### Extended Data Fig. 7 Biomechanical model, genetic correlation and disease associations.

a, Left ventricular pressure–volume loops from finite-element modelling across a range of atrial pressures. Solid and dashed lines indicate smooth and trabeculated ventricles, respectively. b, Mid-short-axis cross-sections of the finite element model of the left ventricle, looking towards the apex, at different trabecular complexities. c, The ventricular model was in series with pre-load (red) and after-load (blue) circuits that define the left atrial pressure (PLA), right atrial pressure (PRA), inflow resistance (R1), aortic resistance (R2), peripheral resistance (R3) and vascular capacitance (c). Initial parameters calibrated to approximate observations from UK Biobank data; the reference model was a trabeculated left ventricle with a PLA of 5 mm Hg. d, Fractal dimension association P values (depicted on −log10 scale, uncorrected for multiple comparisons; estimated by transformation of univariate GWAS signed t-statistics with χ2 distributions with 9 degrees of freedom; univariate GWAS with n = 18,096 individuals) for the GOSR2 locus on chromosome 17; variants associated with mixed aetiology heart failure (n = 47,309 cases, n = 930,014 controls) and DCM (n = 510 cases, n = 1,136 controls) are highlighted in purple. eg, Summary statistics of basal, mid and apical trabeculation GWAS were analysed for genetic correlation with all available summary statistics on LD Hub. e, Additive heritability estimates h2 for regional summary statistics based on 1,208,036 genetic variants. f, Association P values of heart and cardiovascular phenotypes with corresponding estimate of genetic correlation (encoded by size). g, Genetic correlation P values of all available LD Hub traits (x axis, ordered by category) with trabeculation GWAS results (based on linkage disequilibrium score regression correlation of 1,208,036 genetic variants) by region summarized in LD Hub categories (colour-coded). Heart and cardiovascular phenotypes (y axis in f and Supplementary Table 13) are depicted in magenta. g, P values are derived from cross-trait correlation analysis and a block jackknife approach for estimation of the standard error of the genetic correlation (Supplementary Table 13); P values are shown on −log10 scale and are uncorrected for multiple comparisons.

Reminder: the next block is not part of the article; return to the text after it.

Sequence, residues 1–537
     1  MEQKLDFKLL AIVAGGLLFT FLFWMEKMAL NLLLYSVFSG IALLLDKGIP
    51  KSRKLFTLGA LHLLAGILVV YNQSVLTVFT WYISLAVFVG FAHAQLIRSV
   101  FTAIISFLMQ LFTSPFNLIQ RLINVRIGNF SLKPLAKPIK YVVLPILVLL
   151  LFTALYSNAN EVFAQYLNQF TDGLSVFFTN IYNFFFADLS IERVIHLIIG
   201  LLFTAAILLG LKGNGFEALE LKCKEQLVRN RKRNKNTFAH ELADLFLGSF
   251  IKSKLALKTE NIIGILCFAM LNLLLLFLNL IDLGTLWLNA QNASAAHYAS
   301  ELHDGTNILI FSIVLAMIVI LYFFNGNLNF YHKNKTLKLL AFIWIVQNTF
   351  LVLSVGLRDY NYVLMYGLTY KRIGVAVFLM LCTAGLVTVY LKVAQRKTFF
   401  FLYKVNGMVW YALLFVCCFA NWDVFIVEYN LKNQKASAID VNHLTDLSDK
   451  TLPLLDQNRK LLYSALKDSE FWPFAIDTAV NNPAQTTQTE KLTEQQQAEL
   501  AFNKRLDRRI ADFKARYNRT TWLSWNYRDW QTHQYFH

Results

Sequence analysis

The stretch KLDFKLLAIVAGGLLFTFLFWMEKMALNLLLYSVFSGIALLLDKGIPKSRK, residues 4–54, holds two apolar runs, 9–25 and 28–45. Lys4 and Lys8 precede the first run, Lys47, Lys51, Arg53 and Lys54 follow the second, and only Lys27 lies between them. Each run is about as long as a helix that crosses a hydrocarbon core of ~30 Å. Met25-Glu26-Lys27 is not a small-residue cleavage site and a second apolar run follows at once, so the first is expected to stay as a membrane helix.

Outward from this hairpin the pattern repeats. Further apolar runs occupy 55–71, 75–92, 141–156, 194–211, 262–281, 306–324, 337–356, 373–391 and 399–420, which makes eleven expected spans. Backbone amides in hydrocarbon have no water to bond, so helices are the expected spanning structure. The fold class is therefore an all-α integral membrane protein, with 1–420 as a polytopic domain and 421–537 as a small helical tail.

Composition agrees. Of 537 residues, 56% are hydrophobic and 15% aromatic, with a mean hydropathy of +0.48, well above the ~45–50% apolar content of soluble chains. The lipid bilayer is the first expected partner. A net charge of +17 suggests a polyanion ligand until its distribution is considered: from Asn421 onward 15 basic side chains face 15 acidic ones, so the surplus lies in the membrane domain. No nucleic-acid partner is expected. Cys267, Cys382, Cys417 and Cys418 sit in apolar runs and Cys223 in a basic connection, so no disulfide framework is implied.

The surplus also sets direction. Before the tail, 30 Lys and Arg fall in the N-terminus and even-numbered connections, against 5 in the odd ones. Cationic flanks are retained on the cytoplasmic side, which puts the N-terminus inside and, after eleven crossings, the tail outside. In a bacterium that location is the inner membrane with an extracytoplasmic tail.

### Extended Data Fig. 8 Mendelian randomization analysis of the effect of trabeculation on heart failure and DCM.